Declaration on Agrobiodiversity Conservation and Food Sovereignty

From 20-29 September 2009 a group of farmers and scientists from Ethiopia and Peru met in the Potato Park, Pisac, in the Department of Cusco, Peru to engage in cross-cultural and horizontal learning about concepts and methods on how to design, plan, implement and manage Agrobiodiversity Conservation Areas.

Discussion topics included a range of issues related to the conservation and sustainable use of native crops and agrobiodiversity. This included the Indigenous Biocultural Territory and Agrobiodiversity Conservation Areas approach, and continued with Customary Laws and governance structures for conservation of agrobiodiversity, resilience in managing climatic changes, indigenous knowledge, access to genetic resources and intellectual property.

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What Is Agrobiodiversity?

Agrobiodiversity is the result of natural selection processes and the careful selection and inventive developments of farmers, herders and fishers over millennia. Agrobiodiversity is a vital sub-set of biodiversity. Many people’s food and livelihood security depend on the sustained management of various biological resources that are important for food and agriculture. Agricultural biodiversity, also known as agrobiodiversity or the genetic resources for food and agriculture, includes:

  • Harvested crop varieties, livestock breeds, fish species and non domesticated (wild) resources within field, forest, rangeland including tree products, wild animals hunted for food and in aquatic ecosystems (e.g. wild fish);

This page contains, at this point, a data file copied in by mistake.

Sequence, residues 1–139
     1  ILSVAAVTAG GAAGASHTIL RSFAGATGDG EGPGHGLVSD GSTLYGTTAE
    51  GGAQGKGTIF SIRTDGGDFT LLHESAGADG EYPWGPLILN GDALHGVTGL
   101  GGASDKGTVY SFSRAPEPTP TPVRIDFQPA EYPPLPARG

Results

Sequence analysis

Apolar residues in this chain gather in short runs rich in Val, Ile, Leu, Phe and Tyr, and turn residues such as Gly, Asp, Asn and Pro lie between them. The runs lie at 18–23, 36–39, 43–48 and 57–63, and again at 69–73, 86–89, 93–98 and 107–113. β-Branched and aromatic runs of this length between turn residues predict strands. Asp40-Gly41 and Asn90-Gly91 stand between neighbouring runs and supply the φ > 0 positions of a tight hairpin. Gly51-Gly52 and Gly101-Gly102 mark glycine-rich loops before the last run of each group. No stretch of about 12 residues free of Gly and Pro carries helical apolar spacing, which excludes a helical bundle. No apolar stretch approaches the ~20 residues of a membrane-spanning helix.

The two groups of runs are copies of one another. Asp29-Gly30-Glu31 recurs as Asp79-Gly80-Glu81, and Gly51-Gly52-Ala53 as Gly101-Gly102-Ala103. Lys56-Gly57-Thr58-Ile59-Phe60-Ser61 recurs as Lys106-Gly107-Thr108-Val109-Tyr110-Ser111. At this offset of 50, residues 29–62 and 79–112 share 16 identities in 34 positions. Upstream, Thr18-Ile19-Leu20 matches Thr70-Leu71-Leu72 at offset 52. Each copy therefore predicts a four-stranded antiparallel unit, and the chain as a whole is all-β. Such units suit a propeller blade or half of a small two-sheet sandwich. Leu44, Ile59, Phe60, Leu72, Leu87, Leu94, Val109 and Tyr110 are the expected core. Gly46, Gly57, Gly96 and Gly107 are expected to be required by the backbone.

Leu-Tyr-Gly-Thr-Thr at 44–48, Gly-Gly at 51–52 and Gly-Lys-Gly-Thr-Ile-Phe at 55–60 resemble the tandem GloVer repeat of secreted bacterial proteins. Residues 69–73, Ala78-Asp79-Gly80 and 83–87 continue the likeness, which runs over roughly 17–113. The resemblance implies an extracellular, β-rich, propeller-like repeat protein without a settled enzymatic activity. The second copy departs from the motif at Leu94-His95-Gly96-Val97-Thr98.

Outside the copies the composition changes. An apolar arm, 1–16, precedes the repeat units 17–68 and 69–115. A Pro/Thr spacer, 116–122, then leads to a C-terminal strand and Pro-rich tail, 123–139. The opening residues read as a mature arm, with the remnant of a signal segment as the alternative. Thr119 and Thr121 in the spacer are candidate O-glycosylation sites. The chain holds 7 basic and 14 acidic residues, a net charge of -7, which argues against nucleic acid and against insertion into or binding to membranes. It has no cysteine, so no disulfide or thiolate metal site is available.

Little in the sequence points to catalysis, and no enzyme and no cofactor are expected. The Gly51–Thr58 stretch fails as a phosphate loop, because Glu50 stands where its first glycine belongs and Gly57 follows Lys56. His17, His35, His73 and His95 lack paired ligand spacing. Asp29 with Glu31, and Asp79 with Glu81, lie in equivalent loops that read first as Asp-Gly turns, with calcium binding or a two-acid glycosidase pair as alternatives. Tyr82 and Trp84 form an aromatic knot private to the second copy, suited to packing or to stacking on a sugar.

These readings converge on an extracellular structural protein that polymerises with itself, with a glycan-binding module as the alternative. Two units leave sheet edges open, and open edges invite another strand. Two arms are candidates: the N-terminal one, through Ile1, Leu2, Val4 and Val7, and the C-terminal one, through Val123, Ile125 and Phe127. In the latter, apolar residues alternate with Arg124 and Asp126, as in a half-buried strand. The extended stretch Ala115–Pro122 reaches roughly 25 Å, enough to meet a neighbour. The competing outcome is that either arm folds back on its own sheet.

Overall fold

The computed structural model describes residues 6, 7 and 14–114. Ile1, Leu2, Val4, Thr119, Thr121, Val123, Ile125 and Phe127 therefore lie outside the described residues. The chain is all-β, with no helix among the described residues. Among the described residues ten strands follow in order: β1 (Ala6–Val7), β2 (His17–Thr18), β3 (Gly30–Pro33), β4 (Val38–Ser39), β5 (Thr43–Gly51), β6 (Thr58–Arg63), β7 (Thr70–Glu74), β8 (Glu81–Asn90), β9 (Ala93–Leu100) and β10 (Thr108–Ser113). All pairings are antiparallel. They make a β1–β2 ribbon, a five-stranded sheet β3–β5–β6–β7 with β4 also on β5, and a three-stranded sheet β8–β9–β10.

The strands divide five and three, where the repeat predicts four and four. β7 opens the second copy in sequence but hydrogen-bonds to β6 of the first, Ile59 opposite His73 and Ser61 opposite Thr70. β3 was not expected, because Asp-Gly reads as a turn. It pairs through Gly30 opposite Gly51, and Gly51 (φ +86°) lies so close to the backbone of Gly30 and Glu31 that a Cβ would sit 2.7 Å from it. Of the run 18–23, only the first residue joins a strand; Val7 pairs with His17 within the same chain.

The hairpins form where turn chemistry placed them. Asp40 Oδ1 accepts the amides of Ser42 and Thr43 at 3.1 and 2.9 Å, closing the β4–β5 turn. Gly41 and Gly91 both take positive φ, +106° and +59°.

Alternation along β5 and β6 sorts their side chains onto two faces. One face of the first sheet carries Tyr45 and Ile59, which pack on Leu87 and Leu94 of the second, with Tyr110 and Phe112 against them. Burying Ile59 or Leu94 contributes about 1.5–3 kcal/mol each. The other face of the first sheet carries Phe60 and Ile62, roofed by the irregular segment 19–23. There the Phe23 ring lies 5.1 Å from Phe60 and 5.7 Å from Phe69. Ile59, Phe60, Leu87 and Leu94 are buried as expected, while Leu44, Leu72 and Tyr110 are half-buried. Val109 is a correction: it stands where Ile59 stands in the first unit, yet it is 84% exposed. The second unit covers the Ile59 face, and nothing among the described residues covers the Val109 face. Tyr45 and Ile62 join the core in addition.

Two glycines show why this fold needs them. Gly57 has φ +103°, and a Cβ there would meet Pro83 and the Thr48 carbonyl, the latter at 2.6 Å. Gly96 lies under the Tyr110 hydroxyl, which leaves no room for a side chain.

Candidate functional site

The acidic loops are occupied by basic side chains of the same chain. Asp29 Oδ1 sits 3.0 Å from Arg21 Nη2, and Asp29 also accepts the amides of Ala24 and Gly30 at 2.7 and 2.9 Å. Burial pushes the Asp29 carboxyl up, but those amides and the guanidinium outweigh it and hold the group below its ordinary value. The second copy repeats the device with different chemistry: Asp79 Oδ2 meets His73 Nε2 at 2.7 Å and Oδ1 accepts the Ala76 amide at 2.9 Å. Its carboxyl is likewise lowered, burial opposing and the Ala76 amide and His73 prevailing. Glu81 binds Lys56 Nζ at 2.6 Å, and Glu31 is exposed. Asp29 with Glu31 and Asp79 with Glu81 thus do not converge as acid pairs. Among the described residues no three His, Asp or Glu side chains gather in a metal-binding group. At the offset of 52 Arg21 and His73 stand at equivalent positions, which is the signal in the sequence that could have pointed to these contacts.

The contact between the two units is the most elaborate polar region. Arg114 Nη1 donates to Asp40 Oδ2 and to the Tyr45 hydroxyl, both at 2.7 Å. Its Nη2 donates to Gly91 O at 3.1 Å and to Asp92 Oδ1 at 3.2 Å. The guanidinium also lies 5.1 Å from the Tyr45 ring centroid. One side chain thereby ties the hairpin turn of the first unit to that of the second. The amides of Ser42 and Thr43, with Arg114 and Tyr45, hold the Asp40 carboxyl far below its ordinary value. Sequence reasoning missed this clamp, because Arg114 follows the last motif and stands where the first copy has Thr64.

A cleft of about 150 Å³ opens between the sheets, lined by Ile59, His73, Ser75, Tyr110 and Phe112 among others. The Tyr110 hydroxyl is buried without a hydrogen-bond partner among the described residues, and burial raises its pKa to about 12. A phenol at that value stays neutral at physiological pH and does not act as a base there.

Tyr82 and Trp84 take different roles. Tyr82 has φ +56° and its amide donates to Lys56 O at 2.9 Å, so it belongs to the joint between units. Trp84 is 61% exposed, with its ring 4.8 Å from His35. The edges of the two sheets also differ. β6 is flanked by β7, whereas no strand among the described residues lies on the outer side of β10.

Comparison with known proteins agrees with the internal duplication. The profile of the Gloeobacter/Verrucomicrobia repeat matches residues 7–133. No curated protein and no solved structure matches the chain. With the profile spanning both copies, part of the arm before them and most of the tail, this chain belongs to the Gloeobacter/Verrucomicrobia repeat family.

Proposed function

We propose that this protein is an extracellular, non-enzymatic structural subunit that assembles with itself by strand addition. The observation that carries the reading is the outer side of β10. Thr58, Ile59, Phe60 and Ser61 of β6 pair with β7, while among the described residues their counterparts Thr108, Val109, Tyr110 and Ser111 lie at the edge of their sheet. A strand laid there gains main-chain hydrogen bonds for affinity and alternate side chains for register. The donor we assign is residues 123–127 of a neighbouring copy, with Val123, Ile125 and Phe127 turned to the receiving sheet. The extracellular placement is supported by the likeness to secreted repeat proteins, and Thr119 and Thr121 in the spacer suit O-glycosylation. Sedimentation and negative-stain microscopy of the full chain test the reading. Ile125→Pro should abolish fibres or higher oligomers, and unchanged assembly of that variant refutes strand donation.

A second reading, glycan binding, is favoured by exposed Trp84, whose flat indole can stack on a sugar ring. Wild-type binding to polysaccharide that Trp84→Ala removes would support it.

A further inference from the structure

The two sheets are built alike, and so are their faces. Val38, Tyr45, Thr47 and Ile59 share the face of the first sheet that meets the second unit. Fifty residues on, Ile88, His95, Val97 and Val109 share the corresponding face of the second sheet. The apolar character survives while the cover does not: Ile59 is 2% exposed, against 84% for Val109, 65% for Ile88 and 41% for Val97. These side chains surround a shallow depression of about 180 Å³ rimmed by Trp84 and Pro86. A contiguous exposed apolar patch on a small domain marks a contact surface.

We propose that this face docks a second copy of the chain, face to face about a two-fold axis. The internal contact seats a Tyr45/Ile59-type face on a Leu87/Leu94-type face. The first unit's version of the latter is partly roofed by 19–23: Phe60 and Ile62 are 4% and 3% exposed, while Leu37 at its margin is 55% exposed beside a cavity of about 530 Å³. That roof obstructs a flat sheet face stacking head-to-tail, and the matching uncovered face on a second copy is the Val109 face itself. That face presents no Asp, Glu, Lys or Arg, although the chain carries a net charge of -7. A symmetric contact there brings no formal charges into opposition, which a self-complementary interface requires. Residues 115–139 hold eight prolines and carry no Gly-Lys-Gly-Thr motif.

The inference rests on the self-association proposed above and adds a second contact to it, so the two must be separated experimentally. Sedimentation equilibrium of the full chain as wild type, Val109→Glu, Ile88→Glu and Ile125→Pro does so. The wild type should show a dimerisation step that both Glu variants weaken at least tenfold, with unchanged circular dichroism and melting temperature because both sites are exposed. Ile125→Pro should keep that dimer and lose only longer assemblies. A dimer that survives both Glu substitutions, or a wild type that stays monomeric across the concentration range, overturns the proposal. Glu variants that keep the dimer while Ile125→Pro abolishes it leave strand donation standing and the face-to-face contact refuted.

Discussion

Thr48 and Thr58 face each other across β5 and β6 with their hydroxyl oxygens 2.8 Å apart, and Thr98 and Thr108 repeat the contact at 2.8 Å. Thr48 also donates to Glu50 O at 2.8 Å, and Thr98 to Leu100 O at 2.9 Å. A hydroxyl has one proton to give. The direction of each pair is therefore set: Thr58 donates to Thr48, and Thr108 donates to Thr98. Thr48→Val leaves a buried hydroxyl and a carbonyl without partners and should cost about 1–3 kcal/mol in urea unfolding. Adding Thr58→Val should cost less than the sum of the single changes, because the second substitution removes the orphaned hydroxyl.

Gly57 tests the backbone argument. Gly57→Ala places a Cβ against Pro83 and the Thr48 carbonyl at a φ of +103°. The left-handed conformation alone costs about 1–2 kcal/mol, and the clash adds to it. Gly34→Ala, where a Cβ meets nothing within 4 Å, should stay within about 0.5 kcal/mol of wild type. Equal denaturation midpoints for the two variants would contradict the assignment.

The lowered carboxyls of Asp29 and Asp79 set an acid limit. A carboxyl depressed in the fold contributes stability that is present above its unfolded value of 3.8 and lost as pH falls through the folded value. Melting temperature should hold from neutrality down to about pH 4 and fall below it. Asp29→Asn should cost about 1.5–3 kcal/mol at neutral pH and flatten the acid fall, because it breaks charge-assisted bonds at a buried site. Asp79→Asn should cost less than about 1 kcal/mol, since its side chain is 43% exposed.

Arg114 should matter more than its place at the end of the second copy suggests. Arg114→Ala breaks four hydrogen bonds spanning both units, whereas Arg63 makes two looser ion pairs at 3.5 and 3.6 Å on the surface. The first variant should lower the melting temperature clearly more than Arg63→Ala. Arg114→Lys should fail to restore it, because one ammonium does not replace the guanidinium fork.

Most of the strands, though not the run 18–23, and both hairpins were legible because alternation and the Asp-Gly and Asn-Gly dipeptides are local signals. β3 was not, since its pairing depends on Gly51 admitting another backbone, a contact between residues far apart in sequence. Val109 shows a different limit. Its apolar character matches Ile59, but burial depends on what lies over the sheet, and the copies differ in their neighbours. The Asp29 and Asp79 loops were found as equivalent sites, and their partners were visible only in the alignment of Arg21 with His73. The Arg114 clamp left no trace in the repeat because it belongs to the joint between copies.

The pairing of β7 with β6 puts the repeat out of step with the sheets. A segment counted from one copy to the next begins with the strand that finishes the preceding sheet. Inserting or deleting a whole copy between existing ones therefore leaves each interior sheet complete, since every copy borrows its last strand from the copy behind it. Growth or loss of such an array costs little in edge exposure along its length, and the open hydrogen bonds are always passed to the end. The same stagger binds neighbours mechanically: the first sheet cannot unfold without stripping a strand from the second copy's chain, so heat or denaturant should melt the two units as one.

• Non-harvested species in production ecosystems that support food provision, including soil micro-biota,pollinators and other insects such as bees, butterflies, earthworms, greenflies; and
  • Non-harvested species in the wider environment that support food production ecosystems (agricultural,pastoral, forest and aquatic ecosystems).

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Agrobiodiversity in Gilgit-Baltistan on the Verge of Extinction

1. Introduction

The region spread across an area of 72,496 square kilometres bordering China, Afghanistan and India. Situated between longitude 72°-75° North and latitude 35° -37°East, the region has been administratively divided into seven districts: Gilgit, Baltistan, Diamer, Ghizar, Ganche, Astore and Hunza-Nagar. These, in turn, have been further sub-divided into 13 sub-divisions and 19 tehsils. The region’s administrative headquarter is located in Gilgit Town (see Map1).

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Agrodiversity: Lessons from the highlands of northern Thailand


The Montane Mainland of South-east Asia (MMSEA) covers about half of the total area of six countries, viz., Cambodia, China, Laos, Myanmar, Thailand and Vietnam (Figure 1) and is home to many ethnic minorities (Table 1). Ethnic minorities account for about 15% of total population of the region. Food security is a major concern
of local communities as well as national governments. Shifting cultivation, the traditional land use in uplands, is being replaced by other land use systems (Table 2).


Preserving the Web of Life

Agricultural biodiversity, the vast number of locally-adapted seed varieties and animal breeds, underpins the food security of our planet. This interdependent
life-support system helps sustain local eco-systems that provide, not just food to eat, but also clean water, healthy top-soils, living landscapes, clean air, and even a sink for excess carbon dioxide.

Agricultural biodiversity is disappearing rapidly, a loss that is contributing to poverty and environmental degradation. The effects of industrialised agricultural production threaten in particular, agricultural biodiversity. Monocropping, genetic modification and increasing restrictions on access to genetic diversity diminish agricultural biodiversity.

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